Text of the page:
Dr. Ron Sederoff, Distinguished University Professor, Edwin F. Conger Professor of Forestry & Environmental Resources and Co-Director of the Forest Biotechnology Group at NC State University in Raleigh, North Carolina, USA has been named 2011 Forest Biotechnologist of the Year by the Institute of Forest Biotechnology (IFB).
Sederoff was selected by his peers within the Forest Biotechnology Partnership, an international group of forestry and biotechnology professionals. Sederoff is the third scientist to win this award. It is given to the forest biotechnologist who best exemplifies responsible uses of forest biotechnology and actively promotes science, dialogue, and stewardship through their work.
Susan McCord, Executive Director of the IFB said, “The candidates that the Forest Biotechnology Partners nominated were world class researchers. Dr. Sederoff has contributed significantly to the field of forest biotechnology this year, and in the past three decades, particularly with regard to training the next generations of Forest Biotechnologists. It is a great legacy.”
According to his nominators, Dr. Sederoff was selected because of his leadership in modern forest biotechnology, his track record of scientific innovation, and his willingness to challenge the status quo with unique perspectives and insight that invite broad engagement in research.
Sederoff is among the top forest biotechnology scientists in the world having worked in forest biotechnology for 28 years. In 1988 he established the Forest Biotechnology Group at NC State University that focused on the genetic basis of quantitative traits in trees, using molecular genetics to advance tree improvement and on the molecular basis of wood formation, particularly lignin biosynthesis. Trees of particular interest have been pines, eucalypts and chestnuts.
Among his recent accomplishments is the development of a systems biology approach to the biosynthesis of lignin in partnership with Dr. Vincent Chiang, also of NC State University, and leading an effort on genomics of the beech family to develop chestnut genomics as a major step toward the restoration of the American chestnut.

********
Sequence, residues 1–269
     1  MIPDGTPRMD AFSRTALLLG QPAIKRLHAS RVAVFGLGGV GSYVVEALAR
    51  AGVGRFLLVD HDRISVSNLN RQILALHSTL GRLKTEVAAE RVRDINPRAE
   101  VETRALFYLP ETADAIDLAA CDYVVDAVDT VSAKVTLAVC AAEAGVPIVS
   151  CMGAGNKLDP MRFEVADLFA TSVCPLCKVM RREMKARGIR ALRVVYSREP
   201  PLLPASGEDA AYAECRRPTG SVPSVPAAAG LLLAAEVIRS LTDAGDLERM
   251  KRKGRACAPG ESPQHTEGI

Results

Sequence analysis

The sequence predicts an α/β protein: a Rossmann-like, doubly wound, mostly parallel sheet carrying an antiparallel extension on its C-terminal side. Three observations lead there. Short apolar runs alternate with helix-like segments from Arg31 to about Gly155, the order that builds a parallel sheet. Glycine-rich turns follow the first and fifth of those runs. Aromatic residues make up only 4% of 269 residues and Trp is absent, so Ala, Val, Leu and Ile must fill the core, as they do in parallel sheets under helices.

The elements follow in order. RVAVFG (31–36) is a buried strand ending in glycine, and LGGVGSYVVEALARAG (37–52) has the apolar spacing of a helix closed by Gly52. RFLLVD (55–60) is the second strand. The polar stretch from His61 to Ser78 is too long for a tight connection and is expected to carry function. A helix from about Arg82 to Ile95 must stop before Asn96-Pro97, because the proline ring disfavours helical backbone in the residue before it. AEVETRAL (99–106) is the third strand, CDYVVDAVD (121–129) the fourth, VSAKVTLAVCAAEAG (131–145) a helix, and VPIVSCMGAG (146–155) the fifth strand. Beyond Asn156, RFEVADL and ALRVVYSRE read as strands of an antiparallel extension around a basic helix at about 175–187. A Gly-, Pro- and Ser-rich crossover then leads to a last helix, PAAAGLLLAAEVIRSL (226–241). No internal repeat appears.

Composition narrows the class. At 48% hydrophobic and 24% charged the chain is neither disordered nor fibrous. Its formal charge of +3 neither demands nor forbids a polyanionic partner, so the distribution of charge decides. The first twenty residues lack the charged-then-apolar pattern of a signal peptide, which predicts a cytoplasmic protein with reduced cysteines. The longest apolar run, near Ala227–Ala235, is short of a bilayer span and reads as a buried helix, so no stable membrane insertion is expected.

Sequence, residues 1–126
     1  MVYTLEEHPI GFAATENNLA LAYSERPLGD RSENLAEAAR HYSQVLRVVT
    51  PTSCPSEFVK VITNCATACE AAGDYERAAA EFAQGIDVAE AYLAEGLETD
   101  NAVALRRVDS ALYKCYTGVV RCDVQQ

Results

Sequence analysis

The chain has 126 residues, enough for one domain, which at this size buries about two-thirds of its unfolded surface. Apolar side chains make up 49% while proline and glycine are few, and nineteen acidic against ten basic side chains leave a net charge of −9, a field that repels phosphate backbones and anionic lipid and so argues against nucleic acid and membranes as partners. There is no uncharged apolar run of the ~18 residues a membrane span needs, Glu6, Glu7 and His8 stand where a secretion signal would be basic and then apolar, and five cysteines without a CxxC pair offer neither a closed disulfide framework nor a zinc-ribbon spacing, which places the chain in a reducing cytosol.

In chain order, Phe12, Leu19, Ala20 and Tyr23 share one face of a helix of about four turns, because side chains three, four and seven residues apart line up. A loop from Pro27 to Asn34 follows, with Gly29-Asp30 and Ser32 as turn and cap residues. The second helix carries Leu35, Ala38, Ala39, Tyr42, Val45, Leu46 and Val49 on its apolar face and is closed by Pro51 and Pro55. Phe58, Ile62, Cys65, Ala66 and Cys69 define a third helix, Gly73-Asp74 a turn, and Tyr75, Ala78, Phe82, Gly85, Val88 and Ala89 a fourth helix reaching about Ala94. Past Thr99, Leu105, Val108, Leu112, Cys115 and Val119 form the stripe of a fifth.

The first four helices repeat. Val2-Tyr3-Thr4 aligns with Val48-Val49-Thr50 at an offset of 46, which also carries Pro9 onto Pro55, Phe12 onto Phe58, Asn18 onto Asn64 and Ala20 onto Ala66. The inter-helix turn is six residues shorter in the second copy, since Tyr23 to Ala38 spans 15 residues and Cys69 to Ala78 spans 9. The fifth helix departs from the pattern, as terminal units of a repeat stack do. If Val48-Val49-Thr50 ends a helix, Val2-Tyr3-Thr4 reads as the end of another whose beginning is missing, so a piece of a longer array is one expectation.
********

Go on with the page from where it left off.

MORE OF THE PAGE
“Researchers are already using genomic sciences for applications in human, animal and crop health. It’s time for us to use the technology for environmental health,” according to Sederoff. Fast-growing, high quality trees grown as crops can greatly reduce the pressure on natural forest land. It should be possible to attack deforestation, habitat destruction, and climate change through ‘domestication’ of trees, and the modification of trees to help solve environmental problems, including bioenergy.”
Sederoff is a member of the U.S. National Academy of Sciences – one of three Members in all Forest Sciences, a Fellow of the American Association for the Advancement of Science and a Member of the International Academy of Wood Science. In 2004, he received an honorary Doctorate in Forest Science from the Swedish Agricultural University. A native of Montreal Canada, he is married to Heike Winter Sederoff and has three children, Kim, Sarah and Henry.
Adam Costanza, President of the IFB had this to day about the selection of Sederoff as 2011 Forest Biotechnologist of the Year, “Top forest biotechnology researchers consider Dr. Sederoff a leader in this field for good reasons. Ron is one of the fathers of this technology, yet he continues to imagine how it can be put to use to benefit people, the environment, and save threatened trees. The Forest Biotechnology Partners continue to nominate true visionaries as Forest Biotechnologist of the Year. I’m happy that I get to work with Ron and learn from his insight in science, dialogue, and stewardship of forest biotechnology.”
The Forest Biotechnology Partnership will name another Forest Biotechnologist of the Year in 2012. The recipient can be any practitioner in the field regardless of their research affiliations.
More information is available at the Institute of Forest Biotechnology’s website: www.forestbiotech.org